From home working to leaving the city: how the pandemic is changing how we live

Europe Letter: Covid-19 will see a huge societal shift, but it will have to be carefully managed

By April, 40 per cent of workers in the EU were teleworking full-time, according to the EU agency Eurofound.

By April, 40 per cent of workers in the EU were teleworking full-time, according to the EU agency Eurofound.

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The coronavirus pandemic is likely to lead to permanent changes in the way our lives are structured. The issue is the subject of an interesting new paper by the OECD, which focuses on the implications of the sudden mass shift to remote working.

The effect of the pandemic was immediate: by March 24th, a total of 21 out of 31 European countries had ordered the closure of workplaces or recommended teleworking. This suddenly accelerated a trend that was already slowly under way.

The results were dramatic. By April, 40 per cent of workers in the EU were teleworking full-time, according to the EU agency Eurofound, a large increase from the 9 per cent that mainly or exclusively worked from home according to its 2015 survey. In Italy, the number of remote workers rose from 500,000 to eight million.

The experiment has upended assumptions about remote work, which was largely seen as a work-life balance benefit for employees prior to the pandemic. But it actually benefits businesses. According to the US-based Global Workplace Analytics, each employer can save approximately $11,000 (€9,300) a year for each employee who works from home half the time, while employees save between $2,500 and $4,000.

Remote working has been found to reduce absenteeism, while the hours employees work actually increased during the pandemic, by some three hours per day in the US and by two hours in UK, France, Canada, and Spain. This is partly due to employees starting earlier, as they do not need to commute, but also may be down to multitasking such as managing childcare.

Adjust accordingly

Businesses are preparing to adjust accordingly. A survey by Gartner found that 74 per cent of the 317 chief financial officers and finance leaders surveyed said they would make at least some positions permanently remote after the pandemic. This could affect a lot of people: an estimated 56 per cent of the workforce in the US has a job that can be performed at least partly from home.

One of the major impacts could be the transformation of the housing market.

“A surge in teleworking adoption could contribute to some decentralisation of jobs away from major metropolitan areas or on the outer edges, as workers are freer to locate where cost of living is lower or quality of life is higher,” writes the OECD report’s author, policy analyst Mattia Corbetta.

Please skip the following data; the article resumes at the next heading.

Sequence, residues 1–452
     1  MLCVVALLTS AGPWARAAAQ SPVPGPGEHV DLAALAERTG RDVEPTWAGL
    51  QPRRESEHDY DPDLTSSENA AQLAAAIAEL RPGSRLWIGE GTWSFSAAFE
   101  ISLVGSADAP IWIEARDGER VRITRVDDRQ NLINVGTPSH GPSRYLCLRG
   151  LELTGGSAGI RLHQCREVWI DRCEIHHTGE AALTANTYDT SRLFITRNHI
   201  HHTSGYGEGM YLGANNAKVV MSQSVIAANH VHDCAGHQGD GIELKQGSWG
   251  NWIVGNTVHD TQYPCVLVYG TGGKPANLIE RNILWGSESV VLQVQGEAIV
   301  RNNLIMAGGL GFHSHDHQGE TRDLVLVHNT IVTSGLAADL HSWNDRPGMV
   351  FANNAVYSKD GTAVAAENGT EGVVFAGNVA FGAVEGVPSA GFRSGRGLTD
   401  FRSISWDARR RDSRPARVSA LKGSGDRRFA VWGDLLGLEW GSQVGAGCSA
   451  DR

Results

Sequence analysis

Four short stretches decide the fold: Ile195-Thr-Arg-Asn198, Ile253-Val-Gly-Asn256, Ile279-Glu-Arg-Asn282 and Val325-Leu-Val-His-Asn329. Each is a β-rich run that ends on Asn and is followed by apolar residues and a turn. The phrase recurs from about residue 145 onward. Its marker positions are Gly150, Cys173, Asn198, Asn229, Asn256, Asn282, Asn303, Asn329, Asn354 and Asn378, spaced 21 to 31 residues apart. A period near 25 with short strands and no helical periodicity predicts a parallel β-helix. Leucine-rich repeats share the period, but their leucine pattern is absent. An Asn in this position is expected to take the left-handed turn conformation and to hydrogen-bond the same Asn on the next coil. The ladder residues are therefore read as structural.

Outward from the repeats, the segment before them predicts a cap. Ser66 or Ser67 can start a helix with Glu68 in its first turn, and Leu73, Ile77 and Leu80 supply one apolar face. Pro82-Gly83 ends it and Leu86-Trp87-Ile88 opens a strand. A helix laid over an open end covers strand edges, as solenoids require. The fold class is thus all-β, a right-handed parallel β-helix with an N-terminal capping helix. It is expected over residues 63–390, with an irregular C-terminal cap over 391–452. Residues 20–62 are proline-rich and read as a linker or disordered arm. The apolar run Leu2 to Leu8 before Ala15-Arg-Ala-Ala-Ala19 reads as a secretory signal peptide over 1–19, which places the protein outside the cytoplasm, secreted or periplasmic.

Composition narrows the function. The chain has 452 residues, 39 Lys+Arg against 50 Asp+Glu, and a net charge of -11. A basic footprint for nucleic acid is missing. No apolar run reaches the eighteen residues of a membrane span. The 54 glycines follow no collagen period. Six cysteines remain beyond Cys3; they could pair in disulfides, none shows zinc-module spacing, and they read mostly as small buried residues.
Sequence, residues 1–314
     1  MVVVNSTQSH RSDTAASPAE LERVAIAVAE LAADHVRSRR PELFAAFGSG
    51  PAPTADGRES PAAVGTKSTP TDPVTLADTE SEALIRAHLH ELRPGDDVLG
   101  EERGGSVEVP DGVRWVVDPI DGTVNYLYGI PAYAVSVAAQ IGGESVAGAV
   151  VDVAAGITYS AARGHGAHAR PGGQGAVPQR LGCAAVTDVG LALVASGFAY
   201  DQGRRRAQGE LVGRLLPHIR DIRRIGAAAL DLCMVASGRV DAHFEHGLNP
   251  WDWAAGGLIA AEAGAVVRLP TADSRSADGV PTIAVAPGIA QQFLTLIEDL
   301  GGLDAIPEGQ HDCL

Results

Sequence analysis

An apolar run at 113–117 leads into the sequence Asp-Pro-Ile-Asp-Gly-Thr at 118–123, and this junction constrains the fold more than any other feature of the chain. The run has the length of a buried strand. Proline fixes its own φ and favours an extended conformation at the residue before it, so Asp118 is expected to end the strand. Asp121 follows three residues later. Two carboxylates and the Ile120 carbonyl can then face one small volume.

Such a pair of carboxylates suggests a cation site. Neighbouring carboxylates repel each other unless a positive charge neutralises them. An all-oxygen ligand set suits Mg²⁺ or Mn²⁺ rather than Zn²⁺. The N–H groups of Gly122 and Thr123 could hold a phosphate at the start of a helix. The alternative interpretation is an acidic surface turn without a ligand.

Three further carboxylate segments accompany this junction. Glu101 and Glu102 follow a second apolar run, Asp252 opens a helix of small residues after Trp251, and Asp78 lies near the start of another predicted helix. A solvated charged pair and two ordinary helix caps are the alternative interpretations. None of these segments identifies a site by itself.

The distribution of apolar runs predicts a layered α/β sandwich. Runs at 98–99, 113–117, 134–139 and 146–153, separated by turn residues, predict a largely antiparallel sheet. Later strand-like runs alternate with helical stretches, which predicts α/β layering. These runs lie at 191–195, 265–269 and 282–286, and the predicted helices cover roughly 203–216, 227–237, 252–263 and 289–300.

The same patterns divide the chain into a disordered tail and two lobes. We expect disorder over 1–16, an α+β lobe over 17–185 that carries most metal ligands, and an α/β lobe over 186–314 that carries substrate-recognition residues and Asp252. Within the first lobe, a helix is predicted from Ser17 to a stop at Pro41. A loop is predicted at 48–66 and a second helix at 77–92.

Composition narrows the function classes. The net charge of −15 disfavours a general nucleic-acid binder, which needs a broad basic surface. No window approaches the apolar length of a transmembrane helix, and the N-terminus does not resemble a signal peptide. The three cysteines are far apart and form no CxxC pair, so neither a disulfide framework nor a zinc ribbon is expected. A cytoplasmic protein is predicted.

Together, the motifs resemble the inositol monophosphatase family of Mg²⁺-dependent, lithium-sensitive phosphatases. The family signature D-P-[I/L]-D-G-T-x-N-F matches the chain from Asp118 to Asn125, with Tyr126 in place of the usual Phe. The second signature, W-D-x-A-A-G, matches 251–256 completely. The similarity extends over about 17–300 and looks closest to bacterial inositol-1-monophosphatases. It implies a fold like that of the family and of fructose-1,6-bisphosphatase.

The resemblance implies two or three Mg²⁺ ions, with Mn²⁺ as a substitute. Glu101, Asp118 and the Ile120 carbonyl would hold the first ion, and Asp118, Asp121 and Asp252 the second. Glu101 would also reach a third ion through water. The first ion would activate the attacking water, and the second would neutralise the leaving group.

“Such shifts could help alleviate rising housing prices in big cities, as well as congestion from regular commuting, opening up opportunities for more rural communities or smaller metropolitan areas to attract residents.”

Property firms are already considering the future of large office blocks in big cities. Data from the US show a surge in demand for homes in less-populated areas, and a slump in the densest parts of cities. In the UK, over a third of people surveyed by Nationwide said they were thinking differently about their home due to the pandemic, especially the importance of a garden and the need for more indoor space for home-working.

Reducing commuting could slash carbon emissions, as well as boost rural development. However, the societal shift would have losers as well as winners. There’s the risk of exacerbating existing inequalities, between manual workers who cannot work from home and those who can. Equally, it could do so along gender lines, if remote working causes childcare responsibilities to fall disproportionately to women, as surveys show it has done during the pandemic.

Wiped out

For businesses, shops that rely on office workers and commuters for their trade risk being wiped out by the societal shift. It’s also harder for small businesses to adjust to remote working than larger ones, running the risk of making them less competitive.

The change has to be managed carefully. Employees often need support, whether to have the required laptop and webcams, or to have an ergonomic chair, as improvised home work setups are expected to cause a surge in back problems. The tendency to work longer hours and the risk of blending personal and professional life can increase stress.

National and local governments around the world have introduced policy responses to the shift. These range from incentives to attract remote workers to relocate to boost local economies, to the Occitanie region of France’s “train instead of lay off” programme, a remote learning initiative.

In Ireland, shortcomings in fast broadband are a major obstacle standing in the way of rural areas benefitting from such a shift. Another serious consideration for policy-makers is in housing and urban planning. The collapse in tourism and the international student market has showed the limitations of recent urban planning in Dublin that was targeted to meet their demand.

Now, the tiny apartments and co-living arrangements that dominate the development pipeline in Dublin may by the time of completion look like a hangover from a pre-pandemic world.

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